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Prudent Practices in the Laboratory: Handling and Disposal of Chemicals
produces slow-healing, painful burns. Strong bases, such as the metal hydroxides and ammonia, make up another class of corrosive chemicals. Strong dehydrating agents, such as phosphorus pentoxide and calcium oxide, have a powerful affinity for water and can cause serious burns upon contact with the skin. Finally, strong oxidizing agents, such as concentrated solutions of hydrogen peroxide, can also have serious corrosive effects and should never come into contact with the skin or eyes.
A chemical allergy is an adverse reaction by the immune system to a chemical. Such allergic reactions result from previous sensitization to that chemical or a structurally similar chemical. Once sensitization occurs, allergic reactions can result from exposure to extremely low doses of the chemical. Allergic reactions can be immediate, occurring within a few minutes after exposure. Anaphylactic shock is a severe immediate allergic reaction that can result in death if not treated quickly. If this is likely to be a hazard for a planned experiment, advice on emergency response should be obtained. Allergic reactions can also be delayed, taking hours or even days to develop. The skin is usually the site of such delayed reactions, in which cases it becomes red, swollen, and itchy.
It is important to recognize that delayed chemical allergy can occur even some time after the chemical has been removed. Contact with poison ivy is a familiar example of an exposure that causes a delayed allergic reaction. Also, just as people vary widely in their susceptibility to sensitization by environmental allergens such as dust and pollen, individuals may also exhibit wide differences in their sensitivity to laboratory chemicals. Examples of substances that may cause allergic reactions in some individuals include diazomethane, dicyclohexylcarbodiimide, formaldehyde, various isocyanates, benzylic and allylic halides, and certain phenol derivatives.
Asphyxiants are substances that interfere with the transport of an adequate supply of oxygen to the vital organs of the body. The brain is the organ most easily affected by oxygen starvation, and exposure to asphyxiants can lead to rapid collapse and death. Simple asphyxiants are substances that displace oxygen from the air being breathed to such an extent that adverse effects result. Acetylene, carbon dioxide, argon, helium, ethane, nitrogen, and methane are common asphyxiants. It is thus important to recognize that even chemically inert and biologically benign substances can be extremely dangerous under certain circumstances. Certain other chemicals have the ability to combine with hemoglobin, thus reducing the capacity of the blood to transport oxygen. Carbon monoxide, hydrogen cyanide, and certain organic and inorganic cyanides are examples of such substances.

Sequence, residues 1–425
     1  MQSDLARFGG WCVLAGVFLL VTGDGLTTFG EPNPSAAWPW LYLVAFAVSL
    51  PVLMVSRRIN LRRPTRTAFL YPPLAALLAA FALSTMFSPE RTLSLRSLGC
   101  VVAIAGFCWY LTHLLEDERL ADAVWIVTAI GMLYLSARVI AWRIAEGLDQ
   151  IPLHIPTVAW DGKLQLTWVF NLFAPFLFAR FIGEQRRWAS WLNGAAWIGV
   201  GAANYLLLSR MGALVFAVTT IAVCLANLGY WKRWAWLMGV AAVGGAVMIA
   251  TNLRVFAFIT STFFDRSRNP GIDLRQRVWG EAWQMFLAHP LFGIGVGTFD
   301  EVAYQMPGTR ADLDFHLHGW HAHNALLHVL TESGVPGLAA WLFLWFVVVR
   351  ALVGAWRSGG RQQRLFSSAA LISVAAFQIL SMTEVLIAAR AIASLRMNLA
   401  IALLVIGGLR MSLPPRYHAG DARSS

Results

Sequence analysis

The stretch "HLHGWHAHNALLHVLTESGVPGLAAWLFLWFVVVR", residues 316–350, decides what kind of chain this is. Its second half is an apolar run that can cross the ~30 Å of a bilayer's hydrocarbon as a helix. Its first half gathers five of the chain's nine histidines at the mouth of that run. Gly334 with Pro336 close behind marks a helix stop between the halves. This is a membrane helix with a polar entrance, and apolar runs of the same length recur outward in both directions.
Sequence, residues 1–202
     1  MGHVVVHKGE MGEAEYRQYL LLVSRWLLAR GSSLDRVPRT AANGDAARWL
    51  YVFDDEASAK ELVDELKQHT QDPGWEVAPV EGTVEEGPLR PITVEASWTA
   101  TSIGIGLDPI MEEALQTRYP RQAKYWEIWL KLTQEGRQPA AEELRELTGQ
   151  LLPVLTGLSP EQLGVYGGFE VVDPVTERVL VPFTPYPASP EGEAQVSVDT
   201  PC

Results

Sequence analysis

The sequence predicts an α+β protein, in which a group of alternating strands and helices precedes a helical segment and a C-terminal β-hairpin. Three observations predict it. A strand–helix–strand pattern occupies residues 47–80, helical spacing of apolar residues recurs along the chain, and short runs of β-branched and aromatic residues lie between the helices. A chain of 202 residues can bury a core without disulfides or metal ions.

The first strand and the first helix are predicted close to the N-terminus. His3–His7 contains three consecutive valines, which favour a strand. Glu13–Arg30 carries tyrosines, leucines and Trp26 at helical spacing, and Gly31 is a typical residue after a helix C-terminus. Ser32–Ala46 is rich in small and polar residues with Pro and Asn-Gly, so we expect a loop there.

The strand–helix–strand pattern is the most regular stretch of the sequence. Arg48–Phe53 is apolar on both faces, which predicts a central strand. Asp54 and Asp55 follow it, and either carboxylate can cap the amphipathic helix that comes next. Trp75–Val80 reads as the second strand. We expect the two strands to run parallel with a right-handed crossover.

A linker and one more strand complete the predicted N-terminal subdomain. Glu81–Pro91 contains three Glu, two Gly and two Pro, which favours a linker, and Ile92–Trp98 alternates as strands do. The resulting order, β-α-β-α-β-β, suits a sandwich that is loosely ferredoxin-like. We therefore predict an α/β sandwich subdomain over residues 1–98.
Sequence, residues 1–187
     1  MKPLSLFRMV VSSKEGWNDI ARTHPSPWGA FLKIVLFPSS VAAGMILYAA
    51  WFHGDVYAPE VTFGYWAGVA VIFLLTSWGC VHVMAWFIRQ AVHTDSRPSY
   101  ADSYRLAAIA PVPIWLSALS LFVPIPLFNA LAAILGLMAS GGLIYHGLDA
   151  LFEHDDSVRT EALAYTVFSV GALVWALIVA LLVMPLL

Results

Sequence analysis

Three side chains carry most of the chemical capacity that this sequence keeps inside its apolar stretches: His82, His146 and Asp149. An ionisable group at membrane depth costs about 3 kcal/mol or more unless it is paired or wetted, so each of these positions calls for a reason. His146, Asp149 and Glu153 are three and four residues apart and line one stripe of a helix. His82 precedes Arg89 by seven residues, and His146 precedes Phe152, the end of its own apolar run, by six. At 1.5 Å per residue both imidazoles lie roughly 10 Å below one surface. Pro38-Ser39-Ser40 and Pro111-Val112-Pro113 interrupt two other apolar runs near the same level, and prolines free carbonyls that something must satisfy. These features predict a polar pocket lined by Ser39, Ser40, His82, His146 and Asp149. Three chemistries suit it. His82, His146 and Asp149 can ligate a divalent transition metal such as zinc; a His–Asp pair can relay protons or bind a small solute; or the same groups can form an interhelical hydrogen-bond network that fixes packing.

A carcinogen is a substance capable of causing cancer. Cancer, in the simplest sense, is the uncontrolled growth of cells, and it can occur in any organ. The mechanism by which cancer develops is not well understood, but the current thinking is that some chemicals interact directly with DNA, the genetic material in all cells, to result in permanent alterations. Other chemical carcinogens can modify DNA indirectly by changing the way the cells grow. Carcinogens are chronically toxic substances; that is, they cause damage after repeated or long-duration exposure, and their effects may become evident only after a long latency period. Carcinogens are particularly insidious toxins because they may have no immediate apparent harmful effects.
3.C.2.6 Reproductive and Developmental Toxins
Reproductive toxins are substances that have adverse effects on various aspects of reproduction, including fertility, gestation, lactation, and general reproductive performance. Developmental toxins are substances that act during pregnancy to cause adverse effects on the embryo or fetus. These effects can include lethality (death of the fertilized egg, the embryo, or the fetus), malformations (this class of substances is also called teratogens), retarded growth, and postnatal functional deficiencies. When a pregnant woman is exposed to a chemical, generally the fetus is exposed as well because the placenta is an extremely poor barrier to chemicals. Reproductive toxins can affect both men and women. Male reproductive toxins can in some cases lead to sterility. Two well-known male reproductive toxins are ethylene dibromide and dibromochloropropane.
Neurotoxic chemicals can induce an adverse effect on the structure or function of the central and/or peripheral nervous system, which can be permanent or reversible. In some cases the detection of neurotoxic effects may require specialized laboratory techniques, but often they can be inferred from behavior such as slurred speech and staggered gait. Many neurotoxins